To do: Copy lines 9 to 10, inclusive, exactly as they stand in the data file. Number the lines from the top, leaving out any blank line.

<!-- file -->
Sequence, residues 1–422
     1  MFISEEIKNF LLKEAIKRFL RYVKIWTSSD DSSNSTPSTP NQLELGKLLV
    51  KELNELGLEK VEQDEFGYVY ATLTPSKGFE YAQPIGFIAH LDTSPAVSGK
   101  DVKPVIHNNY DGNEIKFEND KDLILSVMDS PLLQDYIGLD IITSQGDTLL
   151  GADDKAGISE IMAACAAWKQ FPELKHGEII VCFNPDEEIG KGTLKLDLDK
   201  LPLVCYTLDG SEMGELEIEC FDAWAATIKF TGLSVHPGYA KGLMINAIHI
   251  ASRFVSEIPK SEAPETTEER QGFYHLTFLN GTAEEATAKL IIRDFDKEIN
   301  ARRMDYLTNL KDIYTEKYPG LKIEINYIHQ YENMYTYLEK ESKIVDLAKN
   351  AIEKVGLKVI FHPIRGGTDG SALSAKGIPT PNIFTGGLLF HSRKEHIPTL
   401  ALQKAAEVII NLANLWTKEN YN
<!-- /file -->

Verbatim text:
   351  AIEKVGLKVI FHPIRGGTDG SALSAKGIPT PNIFTGGLLF HSRKEHIPTL
   401  ALQKAAEVII NLANLWTKEN YN